a "Scoopette" Jackson, but one for the progressive bien-pensants. She
can represent the transcendent dreams of the feminists, the gay-
rights activists, the environmental rigorists.
Behind the scenes, Clinton servitors run the Democratic Party,
beginning at the Democratic National Committee with Chairman Terrence
McAuliffe. Though the McCain-Feingold "campaign reform" law has left
Democratic campaign committees with depleted coffers, the Clintons'
neo-Georgian mansion in Northwest Washington has become a money
magnet, with generous lobbyists rolling up in their black Lincolns
nightly to make New York's junior senator a richly endowed political
donor. Hillary also presides over a New Age political machine,
starting with a host of fundraising honeypots with cute names such as
HILLPAC and Hill's Angels. Longtime Clinton loyalists are directing
tens of millions of dollars to organizations under their control,
including a liberal radio talk-show network and a moneyed think tank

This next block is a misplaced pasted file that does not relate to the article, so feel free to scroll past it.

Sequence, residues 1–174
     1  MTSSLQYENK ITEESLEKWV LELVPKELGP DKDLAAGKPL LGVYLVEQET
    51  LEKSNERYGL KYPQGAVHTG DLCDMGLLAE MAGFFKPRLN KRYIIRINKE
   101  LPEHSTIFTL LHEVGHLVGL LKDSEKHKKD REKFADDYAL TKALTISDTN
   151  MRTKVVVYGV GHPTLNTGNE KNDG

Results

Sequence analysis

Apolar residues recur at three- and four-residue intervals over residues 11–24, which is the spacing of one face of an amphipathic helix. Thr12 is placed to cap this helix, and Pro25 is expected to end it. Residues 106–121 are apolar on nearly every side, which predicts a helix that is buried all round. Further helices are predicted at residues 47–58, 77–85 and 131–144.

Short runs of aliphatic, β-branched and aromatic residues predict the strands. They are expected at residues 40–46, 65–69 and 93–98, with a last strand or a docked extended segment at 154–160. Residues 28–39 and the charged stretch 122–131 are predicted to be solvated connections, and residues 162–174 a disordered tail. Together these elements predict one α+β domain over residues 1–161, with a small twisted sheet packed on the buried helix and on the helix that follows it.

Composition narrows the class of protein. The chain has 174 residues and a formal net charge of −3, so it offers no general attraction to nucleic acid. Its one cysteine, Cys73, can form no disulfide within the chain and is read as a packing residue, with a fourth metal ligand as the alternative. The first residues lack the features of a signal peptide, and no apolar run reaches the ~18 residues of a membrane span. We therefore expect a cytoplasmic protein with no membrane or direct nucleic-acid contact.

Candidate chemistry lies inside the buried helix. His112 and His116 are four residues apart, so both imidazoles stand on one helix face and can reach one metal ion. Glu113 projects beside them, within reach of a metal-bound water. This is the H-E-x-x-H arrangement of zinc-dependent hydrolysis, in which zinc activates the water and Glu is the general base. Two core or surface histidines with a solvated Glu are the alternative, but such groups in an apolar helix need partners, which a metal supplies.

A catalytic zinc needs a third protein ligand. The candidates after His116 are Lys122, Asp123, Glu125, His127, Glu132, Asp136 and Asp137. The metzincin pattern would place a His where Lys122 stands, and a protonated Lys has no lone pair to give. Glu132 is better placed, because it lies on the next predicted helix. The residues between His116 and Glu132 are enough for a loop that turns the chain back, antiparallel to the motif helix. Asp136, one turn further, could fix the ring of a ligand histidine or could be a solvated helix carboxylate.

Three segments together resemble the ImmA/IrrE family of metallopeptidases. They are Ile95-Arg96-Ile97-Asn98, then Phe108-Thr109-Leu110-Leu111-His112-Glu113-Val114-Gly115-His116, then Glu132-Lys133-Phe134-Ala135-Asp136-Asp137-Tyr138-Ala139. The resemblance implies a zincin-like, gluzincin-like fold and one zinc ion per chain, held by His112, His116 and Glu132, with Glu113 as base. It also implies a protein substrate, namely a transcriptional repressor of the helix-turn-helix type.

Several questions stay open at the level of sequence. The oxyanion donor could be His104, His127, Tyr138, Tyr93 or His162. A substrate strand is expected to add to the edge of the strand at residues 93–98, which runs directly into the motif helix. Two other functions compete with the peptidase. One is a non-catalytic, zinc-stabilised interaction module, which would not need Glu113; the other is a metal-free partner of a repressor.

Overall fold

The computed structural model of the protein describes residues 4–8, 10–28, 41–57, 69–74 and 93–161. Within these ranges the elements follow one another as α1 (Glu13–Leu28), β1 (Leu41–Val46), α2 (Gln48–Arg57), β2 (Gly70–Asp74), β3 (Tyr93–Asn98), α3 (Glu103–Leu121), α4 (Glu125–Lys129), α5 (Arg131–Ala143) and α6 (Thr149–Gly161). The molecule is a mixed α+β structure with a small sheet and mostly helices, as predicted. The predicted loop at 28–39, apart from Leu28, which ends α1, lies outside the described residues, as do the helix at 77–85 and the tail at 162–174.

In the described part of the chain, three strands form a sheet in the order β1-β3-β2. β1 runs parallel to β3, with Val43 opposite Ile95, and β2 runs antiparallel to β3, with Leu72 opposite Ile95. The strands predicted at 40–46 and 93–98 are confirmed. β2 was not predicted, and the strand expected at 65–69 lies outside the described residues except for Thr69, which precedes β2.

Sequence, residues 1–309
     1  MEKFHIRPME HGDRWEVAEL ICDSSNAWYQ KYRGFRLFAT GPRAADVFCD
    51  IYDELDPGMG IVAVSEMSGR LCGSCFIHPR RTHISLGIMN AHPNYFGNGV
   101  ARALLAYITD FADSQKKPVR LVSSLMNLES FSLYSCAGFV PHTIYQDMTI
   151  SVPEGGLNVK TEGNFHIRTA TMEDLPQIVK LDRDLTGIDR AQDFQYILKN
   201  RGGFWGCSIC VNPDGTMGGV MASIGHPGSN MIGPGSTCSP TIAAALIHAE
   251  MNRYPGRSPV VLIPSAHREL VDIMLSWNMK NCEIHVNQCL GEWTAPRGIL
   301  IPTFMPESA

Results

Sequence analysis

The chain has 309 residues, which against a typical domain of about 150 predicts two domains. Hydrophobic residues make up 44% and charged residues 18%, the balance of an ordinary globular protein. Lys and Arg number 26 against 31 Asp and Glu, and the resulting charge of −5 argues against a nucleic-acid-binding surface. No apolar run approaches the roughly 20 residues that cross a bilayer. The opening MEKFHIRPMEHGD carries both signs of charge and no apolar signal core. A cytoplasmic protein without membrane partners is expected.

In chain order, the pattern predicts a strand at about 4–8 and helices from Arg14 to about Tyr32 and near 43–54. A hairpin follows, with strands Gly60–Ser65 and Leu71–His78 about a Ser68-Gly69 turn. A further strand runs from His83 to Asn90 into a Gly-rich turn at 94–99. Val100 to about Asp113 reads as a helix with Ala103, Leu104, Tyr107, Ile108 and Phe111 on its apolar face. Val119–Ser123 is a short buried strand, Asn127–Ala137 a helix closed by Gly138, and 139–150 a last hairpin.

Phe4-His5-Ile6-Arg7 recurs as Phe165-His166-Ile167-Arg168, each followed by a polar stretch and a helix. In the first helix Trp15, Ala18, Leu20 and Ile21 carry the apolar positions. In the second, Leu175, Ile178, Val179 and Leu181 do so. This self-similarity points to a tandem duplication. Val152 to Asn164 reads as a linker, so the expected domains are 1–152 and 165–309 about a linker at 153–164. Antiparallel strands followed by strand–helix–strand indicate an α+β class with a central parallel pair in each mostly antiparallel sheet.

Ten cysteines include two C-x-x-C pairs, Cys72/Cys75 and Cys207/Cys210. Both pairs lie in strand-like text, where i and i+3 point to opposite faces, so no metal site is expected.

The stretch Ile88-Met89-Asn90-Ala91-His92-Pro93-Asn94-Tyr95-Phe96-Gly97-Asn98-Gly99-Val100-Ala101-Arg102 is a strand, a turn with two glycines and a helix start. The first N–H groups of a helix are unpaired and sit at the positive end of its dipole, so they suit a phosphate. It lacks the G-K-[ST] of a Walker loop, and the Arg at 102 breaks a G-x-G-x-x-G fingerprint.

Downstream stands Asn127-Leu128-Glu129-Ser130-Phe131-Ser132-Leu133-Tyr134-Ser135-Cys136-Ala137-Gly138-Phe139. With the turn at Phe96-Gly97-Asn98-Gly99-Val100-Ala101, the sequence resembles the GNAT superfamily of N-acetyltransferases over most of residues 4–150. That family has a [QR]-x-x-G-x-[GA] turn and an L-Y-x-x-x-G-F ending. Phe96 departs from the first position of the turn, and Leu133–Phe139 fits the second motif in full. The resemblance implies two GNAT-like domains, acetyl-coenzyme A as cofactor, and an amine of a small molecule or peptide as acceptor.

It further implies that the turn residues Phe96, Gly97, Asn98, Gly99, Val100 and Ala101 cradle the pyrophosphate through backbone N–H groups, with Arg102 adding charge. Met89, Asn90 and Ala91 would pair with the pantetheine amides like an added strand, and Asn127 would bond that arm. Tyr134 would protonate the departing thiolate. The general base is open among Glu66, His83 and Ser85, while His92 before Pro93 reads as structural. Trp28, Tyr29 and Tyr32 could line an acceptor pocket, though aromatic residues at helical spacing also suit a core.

just off K Street, the Center for American Progress. Clinton
lieutenant Harold Ickes is directing funds to what is expected to
become a $250 million behemoth political organization called America
Votes, which will rely on shared polling data, research and mailing
lists, including "Demzilla"--the data bank on voters maintained by
the DNC. "It doesn't take much to figure out what the issues are and
the messages you need to be helpful," the clever Mr. Ickes told one
Al Gore, the Democrats' martyred 2000 candidate, should have been in
control of all this, but for whatever reason he could not put it
together. The retired president and his wife did, and when they saw a
political unknown stumping across America, bringing in millions of
new dollars and thousands of new supporters on the Internet, they
felt the ground quake. They urged the New Democrat, Mr. Edwards, into
the race and the smooth--though accident-prone--Mr. Clark. When Mr.
Dean hissed at the Clinton's majordomo, Mr. McAuliffe, they knew they
had to take action.
Looking back on the assault on Mr. Dean before the Iowa caucuses, one
is reminded of the old joke that politics really is a blood sport,